- Starts off with a mention of a script conference, less painful than the main character expected. There’s a promise of humor here, and that is usually enough to draw people in, at least temporarily.
- Robert Reed’s “The Visionaries”
- Not sure how to classify
Everyone is an unmitigated failure.
And then success comes, or it doesn’t.
except that it’s immediately intimate, and touches upon something we (in the West) hate to think about, or we (in the East) find interesting to think about.
- Laurel Winter’s “
Going Backin Time“
- Demonstrating very clearly that the title of a story can strongly influence a good beginning, and starts off with a mention of the discovery of the possibility of going back into time.
- Terry Bisson’s “Private Eye”
- Starts with conversation that asks a question, seemingly normal, but requires an answer that also involves action: “Spare one of those?” An embrace of detail follows, along with a disturbing reference to the narrator’s self in the plural: “we notice these things.”
- Carol Emshwiller’s “Whoever”
- The narrator has forgotten who they are, but has decided on the first thing to do. Definitely engaging.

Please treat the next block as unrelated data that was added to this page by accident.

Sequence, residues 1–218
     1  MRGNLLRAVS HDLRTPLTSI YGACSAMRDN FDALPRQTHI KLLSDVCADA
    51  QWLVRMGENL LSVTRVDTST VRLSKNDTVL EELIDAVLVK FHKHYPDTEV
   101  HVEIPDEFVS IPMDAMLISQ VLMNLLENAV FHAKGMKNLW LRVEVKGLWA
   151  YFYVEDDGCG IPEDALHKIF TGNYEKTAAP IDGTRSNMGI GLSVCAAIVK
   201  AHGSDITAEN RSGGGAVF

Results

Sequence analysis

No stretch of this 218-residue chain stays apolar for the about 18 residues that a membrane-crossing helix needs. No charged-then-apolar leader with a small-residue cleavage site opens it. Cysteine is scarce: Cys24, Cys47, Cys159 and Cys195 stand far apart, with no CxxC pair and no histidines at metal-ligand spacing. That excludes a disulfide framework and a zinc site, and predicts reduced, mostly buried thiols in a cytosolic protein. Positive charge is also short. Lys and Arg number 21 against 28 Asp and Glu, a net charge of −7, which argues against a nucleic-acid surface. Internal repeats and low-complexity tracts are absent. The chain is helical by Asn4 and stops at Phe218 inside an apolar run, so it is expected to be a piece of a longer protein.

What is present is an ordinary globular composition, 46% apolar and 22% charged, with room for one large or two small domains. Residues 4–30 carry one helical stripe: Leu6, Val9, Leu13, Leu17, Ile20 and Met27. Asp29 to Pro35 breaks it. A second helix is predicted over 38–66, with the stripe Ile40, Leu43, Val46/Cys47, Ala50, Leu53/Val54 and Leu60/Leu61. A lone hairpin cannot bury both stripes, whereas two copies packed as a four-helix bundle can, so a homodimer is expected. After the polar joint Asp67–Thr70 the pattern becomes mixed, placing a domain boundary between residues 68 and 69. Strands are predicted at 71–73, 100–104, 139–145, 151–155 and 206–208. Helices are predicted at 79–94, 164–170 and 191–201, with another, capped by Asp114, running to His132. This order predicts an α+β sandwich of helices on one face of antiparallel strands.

- M. Rickert’s “Evidence of Love in a Case of Abandonment: One Daughter’s Personal Account”
- Starts off with mention of commonplace executions. Not really a normal figment of life.
- Tim Sullivan’s “Planetesimal Dawn”
- The simple and effective technique of immediately introducing a life-and-death situation from the very first line.
- Michael Swanwick’s “The Scarecrow’s Boy”
- A boy running and crying, heading somewhere. Movement and unusual and engagement.
- Gene Wolfe’s Pirate Freedom
- Starts off with an unusual day for a confession to be made, which indicates some unusual situation, possibly bad—and confessions are engagements in and of themselves. Gene Wolfe also follows the “gradually accelerate into weirdness” rule, except he does it much more quickly. “I’m a murderer myself” from the narrator, a priest, six sentences in.
- Gene Wolfe’s The Knight
- A letter, and a command to someone to look at something first. This, while simple, engages. I haven’t decided whether it’s purely the command that does it, or whether there’s an intrinsic thread of voyeurism in most people.
- Terry Pratchett’s Pyramids